There’s been a concerted effort over the last few months to point out that science isn’t perfect.
The National Party’s Federal Council has just endorsed a motion to establish a watchdog, a national scientific quality assurance agency – a push led by federal MP George Christensen.
Nationals Senator Matt Canavan previously backed the call by the Queensland Liberal Party for an “Office of Science Quality Assurance” to review scientific reports before they are handed to government. It’s important to note there was no call for a review of all reports handed to government, only scientific ones.
And Professor Peter Ridd, a geophysicist who’s repeatedly questioned the overwhelming evidence that human-caused climate change is damaging the Great Barrier Reef’s delicate ecosystem, is embarking on a regional roadshow that has been compared to the tobacco industry’s attempts to discredit proof that smoking is harmful to health.
We agree that science isn’t perfect, but it is a set of transparent methods for getting at the truth, and that’s the point. Imperfection and a desire for constant growth and improvement is the very thing that drives scientific endeavour.
Science is, at its heart, a quest to know; to learn more about how the universe works. We challenge you to find a practice of discovery that has created a more reliable understanding of the physical world.
Admitting you don’t know is the first step to learning more – and this kind of honesty, which is embedded in scientific endeavour, underpins deep integrity, and rigorous systems designed to test, re-test and test again to ensure the advancement of scientific knowledge is based on fact, rather than assumption or wishful thinking.
The real meat of it is that science must be informed by evidence and peer review, two elements that are not negotiable.
That’s why we’re so perplexed by recent attempts to discredit the integrity of scientists.
All this, when the work of scientists is arguably subjected to greater rigor and scrutiny than any other professional group. Grant funding cannot be obtained without passing both a test of independent experts and political ‘national interest’ tests. Results cannot be published and promotion cannot be achieved without convincing an independent group of experts from around the world that the discovery you’ve made or the theory you’ve proven is as close to correct as it’s possible to be. And on the rare occasion that flawed findings make it through all those hoops and checks, there is no cover-up. Retractions are published, results are withdrawn – the word is spread.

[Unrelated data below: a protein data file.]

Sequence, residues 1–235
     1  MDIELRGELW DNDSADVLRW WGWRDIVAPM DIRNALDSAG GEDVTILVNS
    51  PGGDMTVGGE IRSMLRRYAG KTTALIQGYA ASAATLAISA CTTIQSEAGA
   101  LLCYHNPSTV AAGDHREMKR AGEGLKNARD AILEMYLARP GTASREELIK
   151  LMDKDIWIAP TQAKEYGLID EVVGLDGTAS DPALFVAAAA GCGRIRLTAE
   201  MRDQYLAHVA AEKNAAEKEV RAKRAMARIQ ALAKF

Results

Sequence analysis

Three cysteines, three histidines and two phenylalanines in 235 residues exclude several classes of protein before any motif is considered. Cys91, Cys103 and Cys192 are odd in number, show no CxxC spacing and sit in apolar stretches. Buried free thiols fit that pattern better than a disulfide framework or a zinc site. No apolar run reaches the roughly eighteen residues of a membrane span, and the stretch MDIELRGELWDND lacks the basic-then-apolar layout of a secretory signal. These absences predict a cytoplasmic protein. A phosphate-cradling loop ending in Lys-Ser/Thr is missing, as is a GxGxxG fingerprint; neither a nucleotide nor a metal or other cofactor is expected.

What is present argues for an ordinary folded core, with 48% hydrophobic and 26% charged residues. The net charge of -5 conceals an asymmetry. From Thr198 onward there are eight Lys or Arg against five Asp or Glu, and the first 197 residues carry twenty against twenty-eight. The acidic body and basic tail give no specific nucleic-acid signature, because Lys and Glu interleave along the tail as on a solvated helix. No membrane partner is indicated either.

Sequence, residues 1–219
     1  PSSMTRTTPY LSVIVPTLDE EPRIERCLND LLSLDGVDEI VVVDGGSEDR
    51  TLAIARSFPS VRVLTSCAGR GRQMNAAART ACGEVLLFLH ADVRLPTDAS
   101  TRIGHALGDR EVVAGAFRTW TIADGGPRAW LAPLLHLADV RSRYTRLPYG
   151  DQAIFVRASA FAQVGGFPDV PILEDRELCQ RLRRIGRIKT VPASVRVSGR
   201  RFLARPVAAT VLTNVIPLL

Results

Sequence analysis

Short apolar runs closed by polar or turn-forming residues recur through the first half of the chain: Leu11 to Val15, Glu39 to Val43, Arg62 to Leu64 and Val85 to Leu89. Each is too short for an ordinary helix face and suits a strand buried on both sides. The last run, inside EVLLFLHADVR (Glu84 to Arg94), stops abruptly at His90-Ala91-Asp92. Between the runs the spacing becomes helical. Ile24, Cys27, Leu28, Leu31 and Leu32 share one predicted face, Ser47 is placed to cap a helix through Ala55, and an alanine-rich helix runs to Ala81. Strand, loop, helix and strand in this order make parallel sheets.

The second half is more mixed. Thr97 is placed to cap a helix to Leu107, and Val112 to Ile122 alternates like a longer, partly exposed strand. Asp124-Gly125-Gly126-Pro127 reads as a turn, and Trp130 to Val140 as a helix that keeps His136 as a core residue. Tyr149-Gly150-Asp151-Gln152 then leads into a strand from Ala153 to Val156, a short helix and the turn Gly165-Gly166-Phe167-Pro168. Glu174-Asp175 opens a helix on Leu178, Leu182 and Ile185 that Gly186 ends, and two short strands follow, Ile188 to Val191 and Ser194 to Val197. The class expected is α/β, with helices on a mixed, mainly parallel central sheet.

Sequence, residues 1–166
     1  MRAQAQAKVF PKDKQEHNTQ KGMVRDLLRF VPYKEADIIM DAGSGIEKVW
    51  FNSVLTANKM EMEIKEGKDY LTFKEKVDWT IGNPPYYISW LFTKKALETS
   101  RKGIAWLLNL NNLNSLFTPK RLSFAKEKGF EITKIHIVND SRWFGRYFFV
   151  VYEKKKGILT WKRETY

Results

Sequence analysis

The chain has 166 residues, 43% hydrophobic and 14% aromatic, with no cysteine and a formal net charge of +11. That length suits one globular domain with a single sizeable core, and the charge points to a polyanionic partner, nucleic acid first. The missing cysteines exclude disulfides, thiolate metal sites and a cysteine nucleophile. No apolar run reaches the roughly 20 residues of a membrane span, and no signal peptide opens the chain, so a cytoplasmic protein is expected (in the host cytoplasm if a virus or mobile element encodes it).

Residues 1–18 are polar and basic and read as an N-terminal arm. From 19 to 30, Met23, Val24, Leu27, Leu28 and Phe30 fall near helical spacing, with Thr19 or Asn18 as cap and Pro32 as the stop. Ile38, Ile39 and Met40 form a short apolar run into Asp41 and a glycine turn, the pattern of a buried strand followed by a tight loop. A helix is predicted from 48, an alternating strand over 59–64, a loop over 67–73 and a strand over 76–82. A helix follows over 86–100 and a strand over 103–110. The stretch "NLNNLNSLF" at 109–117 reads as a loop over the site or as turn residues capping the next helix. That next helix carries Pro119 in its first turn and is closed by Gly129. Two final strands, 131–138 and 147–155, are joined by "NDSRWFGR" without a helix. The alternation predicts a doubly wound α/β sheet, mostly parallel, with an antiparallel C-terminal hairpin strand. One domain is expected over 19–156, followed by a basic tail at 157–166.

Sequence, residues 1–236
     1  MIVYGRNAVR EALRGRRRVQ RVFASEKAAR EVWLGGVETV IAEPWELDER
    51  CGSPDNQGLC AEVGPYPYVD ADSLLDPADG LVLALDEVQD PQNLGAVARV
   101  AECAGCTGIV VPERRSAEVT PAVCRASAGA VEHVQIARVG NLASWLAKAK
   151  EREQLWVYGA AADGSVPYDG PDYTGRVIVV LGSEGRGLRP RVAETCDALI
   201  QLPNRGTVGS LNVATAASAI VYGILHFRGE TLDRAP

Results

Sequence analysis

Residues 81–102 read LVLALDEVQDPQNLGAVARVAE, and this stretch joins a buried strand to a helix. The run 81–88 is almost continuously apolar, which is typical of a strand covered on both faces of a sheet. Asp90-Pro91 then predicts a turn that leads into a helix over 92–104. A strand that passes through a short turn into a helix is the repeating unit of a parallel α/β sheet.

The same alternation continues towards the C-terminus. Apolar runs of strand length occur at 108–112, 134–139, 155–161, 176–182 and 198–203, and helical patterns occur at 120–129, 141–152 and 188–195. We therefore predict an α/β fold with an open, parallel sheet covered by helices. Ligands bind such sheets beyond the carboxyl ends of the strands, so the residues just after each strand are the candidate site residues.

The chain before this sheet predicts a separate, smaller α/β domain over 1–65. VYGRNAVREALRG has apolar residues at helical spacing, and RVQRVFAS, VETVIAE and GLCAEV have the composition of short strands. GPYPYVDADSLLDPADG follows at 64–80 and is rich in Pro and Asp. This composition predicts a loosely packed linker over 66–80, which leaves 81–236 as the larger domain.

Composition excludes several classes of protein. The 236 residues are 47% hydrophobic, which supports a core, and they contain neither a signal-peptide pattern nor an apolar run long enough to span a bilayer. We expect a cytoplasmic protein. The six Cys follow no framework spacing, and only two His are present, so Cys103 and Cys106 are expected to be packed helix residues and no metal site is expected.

To berate science for identifying and rectifying its mistakes is to silence scientists. And that is deeply dangerous, because if we silence the people presenting rigorously-obtained new knowledge, then fear, myth, conjecture and assumption rush in to fill the gap.
Scientists and scientific institutions MUST be enabled to provide frank and fearless advice to government and to the public. Because when scientists are afraid of speaking up, people, economies and environments are put at risk.
Does Australia really want a culture in which our strongest testers of the truth and our best chance of creating solutions to existential challenges are afraid to speak up? Where scientists working for national scientific institutions are publicly harassed after presenting their findings?
The people, and their political and business leadership, absolutely deserve to know. To know about the challenges they are facing, and to know about how to tackle them. We absolutely need a culture in which scientists are encouraged to share what they know with others, to provide frank and fearless advice to the government and to the people.
Professor Emma Johnston AO President, Science & Technology Australia
Dean of Science, University of NSW
Kylie Walker CEO, Science & Technology Australia